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1 More Than Just a Picture : Creating and using visuals in social science research Jennifer Cool M.A. Visual Anthropology, 1993 Ph.D. Candidate,

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Presentation on theme: "1 More Than Just a Picture : Creating and using visuals in social science research Jennifer Cool M.A. Visual Anthropology, 1993 Ph.D. Candidate,"— Presentation transcript:

1 1 More Than Just a Picture : Creating and using visuals in social science research Jennifer Cool M.A. Visual Anthropology, 1993 Ph.D. Candidate, Anthropology University of Southern California

2 2 Talk Outline o Workshop Purpose o Definitions o Representation Across Media o Rhetoric o Filmmaking o Informatics o Documentary / Visual Anthropology o Putting it all into practice: Home Economics o Practicum in documentary video

3 3 Workshop Purpose o The proliferation of digital technologies has increased the ease with which graduate students use self-made still, moving, and interactive images to support their research. o Despite this trend, images are often added to dissertations, presentations, and publications as an afterthought. o This workshop will encourage us to think critically and creatively when we use visual images moving, still, and interactive in our research by exploring the use of photography, film, and interactive media.

4 4 InformationHypermedia –Stable, established –Mature –Relatively centralized –Formal –One-to-many –Top-down publication –Unified layers (bits linked to atoms) –Writing presented per publication –Largely mono-media (text) with separate repositories for different media/genres (pictures, artifacts) –Unstable, emerging –Immature –Relatively decentralized –Informal –Many-to-many –Distributed publication –Discrete layers –Write once publish anywhere –Highly multimedia & intermedia (text, image, audio, video, multiple document formats; multilingual, modular) Digital technology

5 5 By Visuals I Mean o Photographs, film/video (sound and image), any recording made with a camera as data to be studied o Research media o using (audio)visuals to record data o Still images, films, videos, PowerPoint presentations, any visual media made to convey or illustrate the insights and analyses of academic research. o Rhetorical media o using (audio)visuals to make argument

6 6 Research & Rhetorical Media o Can the boundaries be traversed? o Absolutely. Two modes are mutually informative. o But important to consider each mode separately. o Research media fall under methods o Generally, these are techniques, forms, and norms of data capture established within disciplines and sub-fields. o Rhetorical media fall under___?

7 7 Basic Premise of this Talk o No image is understood outside a discourse. o Discourse/Context may mask itself (art) o Discourse/Context may be explicit (newspaper) o The question is, how to craft your images so they are consistent with the discourse in which you operate?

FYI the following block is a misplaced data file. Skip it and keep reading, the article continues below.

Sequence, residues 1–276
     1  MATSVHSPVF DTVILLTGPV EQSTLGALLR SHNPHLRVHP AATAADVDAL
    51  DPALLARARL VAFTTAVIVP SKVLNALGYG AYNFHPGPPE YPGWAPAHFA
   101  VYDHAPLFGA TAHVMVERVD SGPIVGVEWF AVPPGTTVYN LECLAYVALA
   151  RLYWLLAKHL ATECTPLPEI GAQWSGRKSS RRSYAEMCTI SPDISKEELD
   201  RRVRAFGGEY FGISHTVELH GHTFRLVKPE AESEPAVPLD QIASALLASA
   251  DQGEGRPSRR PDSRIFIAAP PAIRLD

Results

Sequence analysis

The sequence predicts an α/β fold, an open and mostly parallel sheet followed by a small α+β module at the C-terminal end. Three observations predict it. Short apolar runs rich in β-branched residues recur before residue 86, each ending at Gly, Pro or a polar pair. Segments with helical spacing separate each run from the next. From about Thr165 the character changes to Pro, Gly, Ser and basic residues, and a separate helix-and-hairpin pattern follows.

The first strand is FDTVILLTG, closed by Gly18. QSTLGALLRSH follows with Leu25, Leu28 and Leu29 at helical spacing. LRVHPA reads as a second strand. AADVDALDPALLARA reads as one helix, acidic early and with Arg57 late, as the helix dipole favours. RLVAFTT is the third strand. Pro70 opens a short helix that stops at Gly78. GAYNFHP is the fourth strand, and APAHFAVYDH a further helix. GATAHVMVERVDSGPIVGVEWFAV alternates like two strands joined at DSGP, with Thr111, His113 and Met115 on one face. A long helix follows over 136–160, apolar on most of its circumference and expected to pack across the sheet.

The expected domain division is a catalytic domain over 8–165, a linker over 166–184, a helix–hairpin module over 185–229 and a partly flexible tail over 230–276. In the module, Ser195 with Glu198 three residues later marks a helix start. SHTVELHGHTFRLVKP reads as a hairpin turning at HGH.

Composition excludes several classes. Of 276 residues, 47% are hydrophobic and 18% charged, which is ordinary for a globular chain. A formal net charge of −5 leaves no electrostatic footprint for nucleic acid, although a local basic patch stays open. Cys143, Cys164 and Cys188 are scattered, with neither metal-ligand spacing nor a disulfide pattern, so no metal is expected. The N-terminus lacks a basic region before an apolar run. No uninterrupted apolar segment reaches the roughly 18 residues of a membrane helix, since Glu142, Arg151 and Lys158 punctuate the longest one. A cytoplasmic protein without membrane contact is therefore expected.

8 8 Representation Across Media o As scholars, you already have mastery in certain forms of communication, in particular, reading and writing texts. o Whatever the medium, thoughtful acts of representation begin with these basic questions: o What do I want to say? o Who is my audience? o What is the best way to say it?

9 9 What do I want to say? (Content) o Whats my main message, or thesis? o Whats my goal or purpose in making these photographs; this video, slideshow, webpage, or other media presentation? o Whats my investment in the subject? o With what authority do I speak?

10 10 Who is my audience? o What knowledge can I assume of my audience? o What ideas/information need to be presented explicitly? o What issues or objections might they have to my argument? o What are their values, goals, and interests? o How do might these relate to my message?

11 11 Whats the best way to say it? (Form) o Choose medium, genre, format: o Oral: lecture, discussion, informal speech o Written: essay, book, , letter o Pictoral: photos, illustrations, diagrams, graphs o Mixed & multimedia: PowerPoint presentation, film, video, website, other new media o Match tone & formality to audience & content.

12 12 My Frameworks o Rhetoric o Filmmaking o Informatics o Documentary / Visual Anthropology

13 13 Drawn from my experienceexperience Visual anthropology o M.A. Visual Anthropology, USC, 1993 o Home Economics: a documentary of suburbia, M.A. Film o The Experts of Everyday Life: "The Experts of Everyday Life: Cultural Reproduction and Cultural Critique in Antelope Valley," M.A. ThesisThe Experts of Everyday Life: Cultural Reproduction and Cultural Critique in Antelope Valley Film, documentary multimedia, Internet and web production: o Synapse Columbus project & Computer Curriculum Corp. o Cyborganic, Netscape, Disney/ABC Cable Networks Teaching film production, written, oral, and graphic communication: o Assistant Lecturer, Freshman Writing, U.S.C. o Lecturer, Cinema Dept., San Francisco State o Lecturer, Information & Computer Science, U.C. Irvine